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Introduction to Custom Ant Tasks

  • September 7, 2006
  • By Rob Lybarger
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Example Four: Getting and Setting Project Properties

Suppose you want to set a project-level property in your task that contains the output message instead of directly sending the message to the log() method. Because you have subclassed the Task class, you can call the getProject() to return a reference to the Project you are running under, and then you may call getProperty and setProperty on that Project reference. Consider this modified build.xml file:

<project name="demo" basedir="." default="demo">

   <taskdef resource="MyAntTasks.properties" classpath="mytasks.jar"/>

   <target name="demo">
      <helloworld name="Bob" property="greeting"/>
      <echo message="${greeting}"/>
   </target>

</project>

I have added a property attribute to your custom task. To prove the property is indeed being set, I have also added a standard echo task to display the value of that property. (The standard Ant tasks tend to call the attribute "property" as I have done here.)

To support this, you must add a property instance variable and its corresponding getter/setter method to your class file (not shown, but see a preceding example for details or look at the downloadable files for this example). Then, you modify your execute method slightly:

/* Add 'private String property=null;' and implement
   its getter/setter methods normally*/

public void execute() throws BuildException {

   if (property==null || property.length() == 0) {
      log("Cannot set property as attribute was not given.",
          Project.MSG_ERR);
      return;
   }

   if (name != null && name.length() > 0) {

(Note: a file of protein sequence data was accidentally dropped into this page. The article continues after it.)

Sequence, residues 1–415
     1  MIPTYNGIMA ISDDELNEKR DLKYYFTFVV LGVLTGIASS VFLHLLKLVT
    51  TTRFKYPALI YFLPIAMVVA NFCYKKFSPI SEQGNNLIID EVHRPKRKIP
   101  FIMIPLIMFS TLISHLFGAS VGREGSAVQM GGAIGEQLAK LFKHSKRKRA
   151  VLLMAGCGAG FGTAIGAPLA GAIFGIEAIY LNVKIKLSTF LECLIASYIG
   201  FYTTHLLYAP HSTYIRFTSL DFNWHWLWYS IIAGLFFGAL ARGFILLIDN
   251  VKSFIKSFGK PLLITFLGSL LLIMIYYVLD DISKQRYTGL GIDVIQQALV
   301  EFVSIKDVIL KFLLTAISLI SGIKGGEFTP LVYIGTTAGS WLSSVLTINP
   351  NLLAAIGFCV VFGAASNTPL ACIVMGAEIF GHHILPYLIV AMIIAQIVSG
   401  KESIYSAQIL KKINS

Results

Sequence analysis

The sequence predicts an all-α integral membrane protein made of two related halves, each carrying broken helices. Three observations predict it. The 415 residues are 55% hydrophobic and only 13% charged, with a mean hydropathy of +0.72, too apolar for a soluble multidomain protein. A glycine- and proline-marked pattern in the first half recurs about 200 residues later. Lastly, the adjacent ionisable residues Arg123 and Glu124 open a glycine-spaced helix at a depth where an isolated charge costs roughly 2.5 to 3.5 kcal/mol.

Project project = getProject();
      String propertyValue = "Hello, "+name+"!";
      project.setProperty(property, propertyValue);
      log("Set property: " + property + " -> " + propertyValue,
          Project.MSG_VERBOSE);
   }
   else {
        throw new BuildException("name attribute is required.");
   }

}

Note that my approach implies the property attribute is optional: If it is not specified, an "ERROR" priority level message is generated and no further action takes place. (Note the 'return' statement.) This might not be a good idea in reality—you might choose, instead, to require the property attribute in the same manner that the name attribute is required (that is, by throwing a BuildException if it is omitted). The real change to pay attention to is the way you get a reference to your Project and then set a new property in it.

Important: Recall that, in Ant, property values are immutable!

Also note that I am sending a message at the "VERBOSE" priority level that tells you what property name is being set to what property value. This is mainly for behavioral consistency to the standard property task in Ant. To see it, remember to run Ant with the "-verbose" option. If you do, you should see this output:

...(verbose output info skipped)...

demo:
[helloworld] Set property: greeting -> Hello, Bob!